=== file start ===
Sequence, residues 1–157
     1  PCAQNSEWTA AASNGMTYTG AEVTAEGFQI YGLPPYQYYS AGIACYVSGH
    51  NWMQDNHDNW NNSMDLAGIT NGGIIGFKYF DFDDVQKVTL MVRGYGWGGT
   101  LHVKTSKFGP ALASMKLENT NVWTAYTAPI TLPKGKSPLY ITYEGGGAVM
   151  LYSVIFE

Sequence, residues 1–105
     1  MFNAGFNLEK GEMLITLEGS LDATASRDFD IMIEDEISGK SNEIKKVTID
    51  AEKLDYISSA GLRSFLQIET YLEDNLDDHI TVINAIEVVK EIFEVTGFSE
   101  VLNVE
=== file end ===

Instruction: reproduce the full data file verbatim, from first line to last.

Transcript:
Sequence, residues 1–157
     1  PCAQNSEWTA AASNGMTYTG AEVTAEGFQI YGLPPYQYYS AGIACYVSGH
    51  NWMQDNHDNW NNSMDLAGIT NGGIIGFKYF DFDDVQKVTL MVRGYGWGGT
   101  LHVKTSKFGP ALASMKLENT NVWTAYTAPI TLPKGKSPLY ITYEGGGAVM
   151  LYSVIFE

Sequence, residues 1–105
     1  MFNAGFNLEK GEMLITLEGS LDATASRDFD IMIEDEISGK SNEIKKVTID
    51  AEKLDYISSA GLRSFLQIET YLEDNLDDHI TVINAIEVVK EIFEVTGFSE
   101  VLNVE